HMS Isis was one of nine I-class destroyers built for the Royal Navy during the 1930s.

HMS Isis FL14119.jpg
An aerial view of HMS Isis underway during the Second World War
United Kingdom
Name: Isis
Namesake: Isis
Builder: Yarrow Shipbuilders
Laid down: 6 February 1936
Launched: 12 November 1936
Commissioned: 2 June 1937
Identification: Pennant number: D87, I87
Fate: Sunk by a mine off Normandy, 20 July 1944
General characteristics (as built)
Class and type: I-class destroyer
Length: 323 ft (98.5 m)
Beam: 33 ft (10.1 m)
Draught: 12 ft 6 in (3.8 m)
Installed power:
Propulsion: 2 shafts, 2 geared steam turbines
Speed: 35.5 knots (65.7 km/h; 40.9 mph)
Range: 5,500 nmi (10,200 km; 6,300 mi) at 15 knots (28 km/h; 17 mph)
Complement: 145
Sensors and
processing systems:
Service record
Operations: Battle of Greece (1941)
Victories: Sank German submarine U-562 (1943)


The I-class ships were improved versions of the preceding H-class. They displaced 1,370 long tons (1,390 t) at standard load and 1,888 long tons (1,918 t) at deep load. The ships had an overall length of 323 feet (98.5 m), a beam of 33 feet (10.1 m) and a draught of 12 feet 6 inches (3.8 m). They were powered by two Parsons geared steam turbines, each driving one propeller shaft, using steam provided by three Admiralty three-drum boilers. The turbines developed a total of 34,000 shaft horsepower (25,000 kW) and were intended to give a maximum speed of 35.5 knots (65.7 km/h; 40.9 mph).[1] Isis reached a speed of 35.3 knots (65.4 km/h; 40.6 mph) from 33,849 shp (25,241 kW) during her sea trials.[2] The ships carried enough fuel oil to give them a range of 5,500 nautical miles (10,200 km; 6,300 mi) at 15 knots (28 km/h; 17 mph). Their crew numbered 145 officers and ratings.[1]

The ships mounted four 4.7-inch (120 mm) Mark IX guns in single mounts, designated 'A', 'B', 'X' and 'Y' from bow to stern. For anti-aircraft (AA) defence, they had two quadruple mounts for the 0.5 inch Vickers Mark III machine gun. The I class was fitted with two above-water quintuple torpedo tube mounts amidships for 21-inch (533 mm) torpedoes.[3] One depth charge rack and two throwers were fitted; 16 depth charges were originally carried,[1] but this increased to 35 shortly after the war began.[4] The I-class ships were fitted with the ASDIC sound detection system to locate submarines underwater.[5]

Construction and careerEdit

Isis, named for the Egyptian goddess, was laid down by the Yarrow and Company, at Scotstoun in Glasgow on 6 February 1936, launched on 12 November 1936 and commissioned on 2 June 1937. Isis took part in the evacuation of Greece in April 1941. On 19 February 1943 she and the escort destroyer HMS Hursley and a Vickers Wellington medium bomber attacked and sank the German submarine U-562 in the Mediterranean Sea north-east of Benghazi.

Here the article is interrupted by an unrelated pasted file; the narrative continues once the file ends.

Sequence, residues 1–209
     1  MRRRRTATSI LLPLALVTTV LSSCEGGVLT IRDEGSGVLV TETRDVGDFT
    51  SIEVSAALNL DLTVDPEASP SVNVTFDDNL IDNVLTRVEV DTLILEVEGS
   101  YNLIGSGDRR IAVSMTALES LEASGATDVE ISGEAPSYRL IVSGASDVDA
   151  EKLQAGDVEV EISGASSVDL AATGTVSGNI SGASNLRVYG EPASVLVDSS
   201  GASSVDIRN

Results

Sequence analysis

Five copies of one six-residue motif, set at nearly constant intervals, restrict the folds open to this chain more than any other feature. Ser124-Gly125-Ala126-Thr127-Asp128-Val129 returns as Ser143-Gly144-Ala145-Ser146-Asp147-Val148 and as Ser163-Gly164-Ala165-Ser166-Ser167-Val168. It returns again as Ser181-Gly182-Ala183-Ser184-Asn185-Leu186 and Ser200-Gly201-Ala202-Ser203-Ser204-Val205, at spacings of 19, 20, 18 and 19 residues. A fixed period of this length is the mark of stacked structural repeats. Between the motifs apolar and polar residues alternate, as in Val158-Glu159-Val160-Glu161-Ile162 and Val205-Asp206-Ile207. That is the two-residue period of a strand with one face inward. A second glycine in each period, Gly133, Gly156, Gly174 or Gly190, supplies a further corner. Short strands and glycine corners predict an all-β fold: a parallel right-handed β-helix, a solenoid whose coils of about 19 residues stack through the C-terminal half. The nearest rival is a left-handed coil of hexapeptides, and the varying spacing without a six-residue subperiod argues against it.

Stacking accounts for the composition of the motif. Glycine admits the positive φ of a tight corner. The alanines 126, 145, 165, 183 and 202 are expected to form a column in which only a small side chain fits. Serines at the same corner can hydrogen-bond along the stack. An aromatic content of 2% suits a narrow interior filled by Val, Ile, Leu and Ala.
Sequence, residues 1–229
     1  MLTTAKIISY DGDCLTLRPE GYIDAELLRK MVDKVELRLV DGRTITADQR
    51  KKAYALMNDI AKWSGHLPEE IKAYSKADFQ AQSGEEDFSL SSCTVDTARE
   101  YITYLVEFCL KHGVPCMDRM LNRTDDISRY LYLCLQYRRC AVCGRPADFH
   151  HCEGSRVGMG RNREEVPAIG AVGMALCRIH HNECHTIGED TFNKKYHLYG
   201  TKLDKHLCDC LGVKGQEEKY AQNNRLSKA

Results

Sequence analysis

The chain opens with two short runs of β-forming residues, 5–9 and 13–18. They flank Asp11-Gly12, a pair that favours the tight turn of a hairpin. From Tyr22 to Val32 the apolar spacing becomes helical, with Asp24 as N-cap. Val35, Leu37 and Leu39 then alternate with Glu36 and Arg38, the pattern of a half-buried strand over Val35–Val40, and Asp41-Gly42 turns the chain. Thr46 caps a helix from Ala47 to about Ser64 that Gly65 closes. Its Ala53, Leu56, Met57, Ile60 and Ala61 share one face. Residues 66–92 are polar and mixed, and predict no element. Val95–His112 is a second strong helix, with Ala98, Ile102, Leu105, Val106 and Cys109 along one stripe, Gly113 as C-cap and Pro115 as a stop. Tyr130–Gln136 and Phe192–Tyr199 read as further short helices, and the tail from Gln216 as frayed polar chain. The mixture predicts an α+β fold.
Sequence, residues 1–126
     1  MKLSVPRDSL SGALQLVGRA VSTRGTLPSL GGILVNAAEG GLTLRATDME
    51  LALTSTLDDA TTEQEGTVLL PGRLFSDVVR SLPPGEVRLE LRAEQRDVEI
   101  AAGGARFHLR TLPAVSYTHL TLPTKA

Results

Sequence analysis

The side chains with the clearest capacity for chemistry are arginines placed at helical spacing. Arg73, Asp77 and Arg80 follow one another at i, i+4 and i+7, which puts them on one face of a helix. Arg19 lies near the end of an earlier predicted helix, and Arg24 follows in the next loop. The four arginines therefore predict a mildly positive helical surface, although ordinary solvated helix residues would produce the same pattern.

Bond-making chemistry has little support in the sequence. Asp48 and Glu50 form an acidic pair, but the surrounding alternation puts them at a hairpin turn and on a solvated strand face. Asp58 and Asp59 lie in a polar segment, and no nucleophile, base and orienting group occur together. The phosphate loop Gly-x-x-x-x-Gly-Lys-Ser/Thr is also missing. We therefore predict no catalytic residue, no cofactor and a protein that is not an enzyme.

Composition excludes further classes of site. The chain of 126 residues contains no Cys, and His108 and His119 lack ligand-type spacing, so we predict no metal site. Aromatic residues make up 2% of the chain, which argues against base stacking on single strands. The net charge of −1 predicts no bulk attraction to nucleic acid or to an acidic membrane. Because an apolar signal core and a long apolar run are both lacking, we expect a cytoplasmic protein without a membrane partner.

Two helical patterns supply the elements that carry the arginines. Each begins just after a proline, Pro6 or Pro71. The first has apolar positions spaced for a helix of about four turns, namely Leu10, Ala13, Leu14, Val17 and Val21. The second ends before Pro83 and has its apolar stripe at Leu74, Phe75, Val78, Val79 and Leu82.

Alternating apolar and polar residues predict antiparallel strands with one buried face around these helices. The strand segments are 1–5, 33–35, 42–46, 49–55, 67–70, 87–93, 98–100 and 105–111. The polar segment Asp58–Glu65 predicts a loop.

Isis was hit in 1941 off Beirut, Lebanon after the Battle of Crete. She pursued two Vichy French destroyers which escaped. A Junkers Ju 88 aircraft then attacked and severely damaged her. Hero tried to tow her to Haifa, Palestine. The tow rope snapped, but the engines were started and she successfully reached Haifa.

Isis struck a mine and sank on 20 July 1944 at the position 49°27′N 0°41′W / 49.450°N 0.683°W / 49.450; -0.683 in channel 'T' off the western sector of the Normandy landing beaches.[6][7] She was the last interwar standard destroyer lost in the war, with eleven officers and 143 ratings lost.[8]


  1. ^ a b c Lenton, p. 161
  2. ^ March, p. 315
  3. ^ Whitley, p. 111
  4. ^ English, p. 141
  5. ^ Hodges & Friedman, p. 16
  6. ^ HMS Isis (D 87) of the I class
  7. ^ HMS Isis - Casualty Search
  8. ^ English, pp. 124–125


  • Colledge, J. J.; Warlow, Ben (2006) [1969]. Ships of the Royal Navy: The Complete Record of all Fighting Ships of the Royal Navy (Rev. ed.). London: Chatham Publishing. ISBN 978-1-86176-281-8.
  • English, John (1993). Amazon to Ivanhoe: British Standard Destroyers of the 1930s. Kendal, England: World Ship Society. ISBN 0-905617-64-9.
  • Friedman, Norman (2006). British Destroyers & Frigates: The Second World War and After. Annapolis, Maryland: Naval Institute Press. ISBN 1-86176-137-6.
  • Hodges, Peter & Friedman, Norman (1979). Destroyer Weapons of World War 2. Greenwich: Conway Maritime Press. ISBN 978-0-85177-137-3.
  • Lenton, H. T. (1998). British & Empire Warships of the Second World War. Annapolis, Maryland: Naval Institute Press. ISBN 1-55750-048-7.
  • March, Edgar J. (1966). British Destroyers: A History of Development, 1892-1953; Drawn by Admiralty Permission From Official Records & Returns, Ships' Covers & Building Plans. London: Seeley Service. OCLC 164893555.
  • Rohwer, Jürgen (2005). Chronology of the War at Sea 1939–1945: The Naval History of World War Two (Third Revised ed.). Annapolis, Maryland: Naval Institute Press. ISBN 1-59114-119-2.
  • Whitley, M. J. (1988). Destroyers of World War Two: An International Encyclopedia. Annapolis, Maryland: Naval Institute Press. ISBN 0-87021-326-1.

Coordinates: 49°27′N 0°41′W / 49.450°N 0.683°W / 49.450; -0.683